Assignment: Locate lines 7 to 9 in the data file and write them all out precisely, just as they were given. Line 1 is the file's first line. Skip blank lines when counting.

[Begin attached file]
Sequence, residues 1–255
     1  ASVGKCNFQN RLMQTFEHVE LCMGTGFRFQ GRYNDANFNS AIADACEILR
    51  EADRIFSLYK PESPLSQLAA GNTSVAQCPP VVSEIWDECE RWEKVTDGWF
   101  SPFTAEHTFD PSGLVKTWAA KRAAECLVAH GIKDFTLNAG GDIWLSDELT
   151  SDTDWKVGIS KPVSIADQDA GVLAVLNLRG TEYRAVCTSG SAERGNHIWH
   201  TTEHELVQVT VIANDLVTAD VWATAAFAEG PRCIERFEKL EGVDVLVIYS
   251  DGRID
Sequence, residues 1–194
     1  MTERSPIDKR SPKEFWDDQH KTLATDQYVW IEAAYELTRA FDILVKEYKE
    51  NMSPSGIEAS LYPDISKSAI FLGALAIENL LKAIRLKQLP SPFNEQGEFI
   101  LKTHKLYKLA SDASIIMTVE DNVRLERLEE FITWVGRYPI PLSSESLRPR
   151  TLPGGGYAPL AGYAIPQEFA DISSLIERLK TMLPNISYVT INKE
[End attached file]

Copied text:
   251  DGRID
Sequence, residues 1–194
     1  MTERSPIDKR SPKEFWDDQH KTLATDQYVW IEAAYELTRA FDILVKEYKE